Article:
postscript: the bone in my yard
Trying on handwoven ponchos, Peru, July 2016
A year ago, I published this essay that centered around a bone I buried in my yard, on direction from my character, shall we say. It was an offering, old-school:
“I buried the bone in my backyard, under the Japanese maple tree, as Puma told me to. I would have thought the offering should be left in the wilderness, in the high places, close to the mountain gods. But no, under this tree in our tiny yard, the dense weave of city life just beyond the fence. When I listened, I heard: that was what Puma wanted.”
My mentor Deena Metzger said: Spirit wanted you to be the woman who would bury a bone in your yard.
We were talking about how to balance multiple realities – how to be a writer in conversation with spirit, Muse, character, however you want to refer to the mysterious sources of story, and then go to Trader Joe’s. Because I’m a mom, so there’s a lot of food shopping. And telling small people Hurry up and put your shoes on, we are leaving right this minute.
Mundane, everyday life pressed up against spirit requesting blood offering. In fact, now that I think of it, I believe I bought the steak with the bone in it, the one we buried in the yard, at Trader Joe’s.
Fast forward to this past July. We spent four weeks in Peru. Because I had a dream. A literal dream, the kind you have while asleep. It wasn’t a romantic dream. It was what I call one of my “logistical dreams.” The entire dream was me talking in Spanish to a taxicab driver, negotiating how to get me, Mikhail, the boys and our gigantic pile of luggage to the house we had rented for four weeks in the Sacred Valley.
So we went to Peru. As the dream instructed, we rented a house for four weeks in the Sacred Valley. Though transport from the airport was arranged in advance. I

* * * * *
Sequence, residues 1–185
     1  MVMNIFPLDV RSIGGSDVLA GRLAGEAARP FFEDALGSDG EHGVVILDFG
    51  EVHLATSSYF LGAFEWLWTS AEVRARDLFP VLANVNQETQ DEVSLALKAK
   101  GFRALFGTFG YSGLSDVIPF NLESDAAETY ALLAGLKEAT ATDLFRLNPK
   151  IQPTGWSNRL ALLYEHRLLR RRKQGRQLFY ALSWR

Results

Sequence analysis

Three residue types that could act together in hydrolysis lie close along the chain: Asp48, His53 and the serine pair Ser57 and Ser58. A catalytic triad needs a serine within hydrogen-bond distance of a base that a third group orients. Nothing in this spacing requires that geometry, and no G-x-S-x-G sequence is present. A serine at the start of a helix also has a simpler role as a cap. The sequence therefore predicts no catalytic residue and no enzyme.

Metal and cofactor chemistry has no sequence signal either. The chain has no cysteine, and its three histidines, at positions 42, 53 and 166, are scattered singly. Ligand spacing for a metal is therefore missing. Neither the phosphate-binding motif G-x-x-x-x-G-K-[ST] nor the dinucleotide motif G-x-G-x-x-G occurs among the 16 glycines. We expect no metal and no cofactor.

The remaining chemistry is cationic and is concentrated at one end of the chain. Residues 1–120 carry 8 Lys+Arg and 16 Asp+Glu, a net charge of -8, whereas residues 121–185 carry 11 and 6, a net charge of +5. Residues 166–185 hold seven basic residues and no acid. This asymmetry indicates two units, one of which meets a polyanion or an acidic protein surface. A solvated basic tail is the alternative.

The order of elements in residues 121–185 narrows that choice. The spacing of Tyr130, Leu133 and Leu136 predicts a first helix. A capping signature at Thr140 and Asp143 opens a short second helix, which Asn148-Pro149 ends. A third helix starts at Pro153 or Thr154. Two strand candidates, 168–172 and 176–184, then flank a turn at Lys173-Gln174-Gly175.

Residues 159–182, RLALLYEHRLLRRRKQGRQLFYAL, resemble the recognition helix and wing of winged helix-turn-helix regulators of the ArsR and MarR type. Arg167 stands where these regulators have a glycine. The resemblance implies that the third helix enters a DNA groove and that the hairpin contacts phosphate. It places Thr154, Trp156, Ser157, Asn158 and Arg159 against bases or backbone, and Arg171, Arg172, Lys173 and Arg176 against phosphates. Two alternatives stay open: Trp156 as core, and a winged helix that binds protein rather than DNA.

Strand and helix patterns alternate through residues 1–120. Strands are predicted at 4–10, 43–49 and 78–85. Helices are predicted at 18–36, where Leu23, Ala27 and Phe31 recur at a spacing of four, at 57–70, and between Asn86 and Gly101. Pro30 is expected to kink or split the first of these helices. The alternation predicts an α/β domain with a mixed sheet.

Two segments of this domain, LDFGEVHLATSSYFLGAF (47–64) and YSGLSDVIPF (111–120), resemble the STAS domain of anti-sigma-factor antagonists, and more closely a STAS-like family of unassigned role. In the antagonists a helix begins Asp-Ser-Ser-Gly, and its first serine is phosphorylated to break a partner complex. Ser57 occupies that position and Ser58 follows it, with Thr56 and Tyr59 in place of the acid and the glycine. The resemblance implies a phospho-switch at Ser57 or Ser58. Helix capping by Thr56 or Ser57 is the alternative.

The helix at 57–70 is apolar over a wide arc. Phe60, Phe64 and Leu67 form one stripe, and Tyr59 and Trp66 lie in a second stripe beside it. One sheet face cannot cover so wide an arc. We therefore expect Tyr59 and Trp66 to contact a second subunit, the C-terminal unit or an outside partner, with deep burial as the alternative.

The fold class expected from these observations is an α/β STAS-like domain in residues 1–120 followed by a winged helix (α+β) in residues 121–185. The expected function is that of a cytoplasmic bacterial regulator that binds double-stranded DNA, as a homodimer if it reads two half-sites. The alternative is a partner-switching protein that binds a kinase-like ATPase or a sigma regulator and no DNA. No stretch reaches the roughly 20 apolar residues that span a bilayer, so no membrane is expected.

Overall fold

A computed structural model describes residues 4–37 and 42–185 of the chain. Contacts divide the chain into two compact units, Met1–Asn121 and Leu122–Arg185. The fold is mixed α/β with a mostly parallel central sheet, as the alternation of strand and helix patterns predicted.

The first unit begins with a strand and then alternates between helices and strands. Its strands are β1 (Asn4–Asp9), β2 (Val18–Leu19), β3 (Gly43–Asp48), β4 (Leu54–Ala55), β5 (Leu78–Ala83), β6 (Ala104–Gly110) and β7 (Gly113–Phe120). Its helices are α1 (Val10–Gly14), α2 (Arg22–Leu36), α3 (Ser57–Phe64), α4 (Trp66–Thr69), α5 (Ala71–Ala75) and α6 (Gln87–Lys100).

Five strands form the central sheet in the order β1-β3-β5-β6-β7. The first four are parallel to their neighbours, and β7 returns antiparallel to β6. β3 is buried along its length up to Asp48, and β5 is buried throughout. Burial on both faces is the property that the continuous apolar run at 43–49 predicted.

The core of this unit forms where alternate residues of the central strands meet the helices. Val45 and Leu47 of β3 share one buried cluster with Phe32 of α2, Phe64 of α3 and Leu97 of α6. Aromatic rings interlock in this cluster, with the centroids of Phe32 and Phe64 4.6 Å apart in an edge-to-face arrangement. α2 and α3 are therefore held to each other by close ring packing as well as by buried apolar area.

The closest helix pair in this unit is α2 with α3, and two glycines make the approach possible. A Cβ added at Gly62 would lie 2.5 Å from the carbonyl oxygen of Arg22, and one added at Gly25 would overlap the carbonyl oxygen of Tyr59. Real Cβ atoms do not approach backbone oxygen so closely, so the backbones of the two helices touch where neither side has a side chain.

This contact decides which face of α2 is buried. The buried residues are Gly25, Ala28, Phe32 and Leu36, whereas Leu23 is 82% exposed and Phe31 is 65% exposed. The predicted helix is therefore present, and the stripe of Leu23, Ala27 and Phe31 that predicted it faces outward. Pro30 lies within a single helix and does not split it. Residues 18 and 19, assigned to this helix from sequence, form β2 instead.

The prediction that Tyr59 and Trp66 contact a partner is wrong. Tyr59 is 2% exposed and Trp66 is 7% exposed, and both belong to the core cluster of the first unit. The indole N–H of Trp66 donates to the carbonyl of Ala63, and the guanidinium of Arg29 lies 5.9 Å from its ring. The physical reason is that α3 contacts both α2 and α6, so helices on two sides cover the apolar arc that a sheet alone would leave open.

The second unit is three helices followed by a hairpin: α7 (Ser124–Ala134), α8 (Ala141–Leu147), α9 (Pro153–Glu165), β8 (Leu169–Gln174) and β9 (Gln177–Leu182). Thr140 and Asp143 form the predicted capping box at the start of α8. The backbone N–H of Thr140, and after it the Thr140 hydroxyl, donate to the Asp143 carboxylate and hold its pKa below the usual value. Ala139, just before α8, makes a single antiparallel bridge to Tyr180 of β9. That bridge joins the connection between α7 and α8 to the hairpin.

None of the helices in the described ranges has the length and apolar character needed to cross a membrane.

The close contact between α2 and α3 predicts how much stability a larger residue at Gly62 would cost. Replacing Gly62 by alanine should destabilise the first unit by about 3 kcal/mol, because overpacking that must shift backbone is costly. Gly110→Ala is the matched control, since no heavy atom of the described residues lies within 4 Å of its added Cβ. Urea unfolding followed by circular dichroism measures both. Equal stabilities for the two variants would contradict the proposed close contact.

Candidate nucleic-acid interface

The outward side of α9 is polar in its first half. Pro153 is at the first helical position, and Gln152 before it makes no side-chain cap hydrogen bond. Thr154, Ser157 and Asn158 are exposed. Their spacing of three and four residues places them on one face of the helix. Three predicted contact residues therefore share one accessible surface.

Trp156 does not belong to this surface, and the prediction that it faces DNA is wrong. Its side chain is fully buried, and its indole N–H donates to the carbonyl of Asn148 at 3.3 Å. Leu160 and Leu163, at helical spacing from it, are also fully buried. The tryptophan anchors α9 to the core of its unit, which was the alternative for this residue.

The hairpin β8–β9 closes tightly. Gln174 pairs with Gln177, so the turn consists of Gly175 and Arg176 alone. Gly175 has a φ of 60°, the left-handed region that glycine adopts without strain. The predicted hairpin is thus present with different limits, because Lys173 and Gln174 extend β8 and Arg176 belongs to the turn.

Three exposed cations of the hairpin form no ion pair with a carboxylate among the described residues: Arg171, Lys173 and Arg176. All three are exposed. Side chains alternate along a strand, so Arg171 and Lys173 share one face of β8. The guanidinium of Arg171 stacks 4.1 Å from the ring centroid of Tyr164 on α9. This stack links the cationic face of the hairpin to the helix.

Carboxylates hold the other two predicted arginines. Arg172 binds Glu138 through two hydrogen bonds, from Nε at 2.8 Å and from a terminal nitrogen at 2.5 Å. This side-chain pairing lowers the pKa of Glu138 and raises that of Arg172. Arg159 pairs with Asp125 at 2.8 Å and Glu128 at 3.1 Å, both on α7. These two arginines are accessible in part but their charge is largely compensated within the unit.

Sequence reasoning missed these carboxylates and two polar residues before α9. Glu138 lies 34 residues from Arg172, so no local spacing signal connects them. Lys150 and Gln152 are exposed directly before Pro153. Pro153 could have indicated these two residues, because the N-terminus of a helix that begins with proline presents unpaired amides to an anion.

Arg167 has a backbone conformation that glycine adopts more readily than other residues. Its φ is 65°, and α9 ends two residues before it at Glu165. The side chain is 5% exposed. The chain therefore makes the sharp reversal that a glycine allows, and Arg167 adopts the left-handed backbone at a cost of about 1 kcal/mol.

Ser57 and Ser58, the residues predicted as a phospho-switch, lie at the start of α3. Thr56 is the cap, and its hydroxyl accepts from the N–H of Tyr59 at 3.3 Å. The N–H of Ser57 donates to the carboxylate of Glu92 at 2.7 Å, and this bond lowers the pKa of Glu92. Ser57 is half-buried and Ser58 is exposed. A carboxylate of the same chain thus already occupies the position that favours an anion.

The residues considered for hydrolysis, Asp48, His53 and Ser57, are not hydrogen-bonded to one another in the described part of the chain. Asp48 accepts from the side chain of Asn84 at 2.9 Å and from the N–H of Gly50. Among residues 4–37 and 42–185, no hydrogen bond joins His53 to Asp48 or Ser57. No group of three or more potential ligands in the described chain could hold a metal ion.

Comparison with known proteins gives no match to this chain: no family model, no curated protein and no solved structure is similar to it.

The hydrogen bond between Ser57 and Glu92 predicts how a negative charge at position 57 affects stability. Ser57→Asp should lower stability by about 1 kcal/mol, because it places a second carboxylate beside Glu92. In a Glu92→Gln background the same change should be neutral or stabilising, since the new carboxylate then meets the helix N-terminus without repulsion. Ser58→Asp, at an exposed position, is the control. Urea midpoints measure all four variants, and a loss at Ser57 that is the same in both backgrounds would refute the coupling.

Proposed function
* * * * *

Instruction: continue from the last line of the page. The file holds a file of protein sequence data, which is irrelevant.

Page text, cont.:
should will write blog posts about that trip, but I haven’t yet. Someday. Check back.
When it was time to leave Peru, we had three flights spanning 23 hours of travel time, including a rather nasty reintroduction to American culture in the form of an aggressive woman making an incident out of my desire to sit down in my seat on a post-midnight flight with a sleeping 5-year-old in my arms. Finally we made it home. After we put both children in their beds and dragged in the epic quantities of luggage, I happened to glance out the glass door into our tiny yard. And what did I see there? A bone. A large, straight bone sitting right in front of the glass door, shining white in the light streaming out of the living room.
The next day, I checked the spot where we had buried the other bone. It was undisturbed.
After a few days of carefully stepping around the bone, it vanished. I asked Mikhail. He had also noticed the bone when we got home, but he hadn’t moved it. When we asked the boys about it, they looked at us blankly. I assumed the bone had been an import of my sister’s family, who stayed with their large dog for several days in our house while we were away. But when I asked her about it, she had no idea what I was talking about.
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